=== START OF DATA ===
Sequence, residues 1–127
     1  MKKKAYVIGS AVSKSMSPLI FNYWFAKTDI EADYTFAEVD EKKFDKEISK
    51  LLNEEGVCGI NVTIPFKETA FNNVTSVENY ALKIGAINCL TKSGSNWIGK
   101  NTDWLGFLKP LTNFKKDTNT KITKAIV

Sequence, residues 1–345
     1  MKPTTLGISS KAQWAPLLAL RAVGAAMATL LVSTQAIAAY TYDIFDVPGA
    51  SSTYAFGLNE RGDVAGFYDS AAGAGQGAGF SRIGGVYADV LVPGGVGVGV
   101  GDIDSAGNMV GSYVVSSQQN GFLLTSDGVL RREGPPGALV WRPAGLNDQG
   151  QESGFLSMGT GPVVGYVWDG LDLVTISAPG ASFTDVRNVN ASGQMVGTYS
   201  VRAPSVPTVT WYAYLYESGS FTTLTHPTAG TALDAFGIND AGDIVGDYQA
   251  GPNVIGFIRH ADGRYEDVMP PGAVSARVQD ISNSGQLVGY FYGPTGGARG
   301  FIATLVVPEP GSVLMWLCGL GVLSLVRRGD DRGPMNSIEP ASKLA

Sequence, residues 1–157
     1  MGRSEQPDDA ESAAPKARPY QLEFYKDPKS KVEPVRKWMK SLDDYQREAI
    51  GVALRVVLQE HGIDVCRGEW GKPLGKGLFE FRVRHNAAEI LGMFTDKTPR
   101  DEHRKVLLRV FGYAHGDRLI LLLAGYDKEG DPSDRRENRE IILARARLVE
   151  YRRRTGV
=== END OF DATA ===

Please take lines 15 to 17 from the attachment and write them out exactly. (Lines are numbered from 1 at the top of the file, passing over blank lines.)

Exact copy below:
    51  GVALRVVLQE HGIDVCRGEW GKPLGKGLFE FRVRHNAAEI LGMFTDKTPR
   101  DEHRKVLLRV FGYAHGDRLI LLLAGYDKEG DPSDRRENRE IILARARLVE
   151  YRRRTGV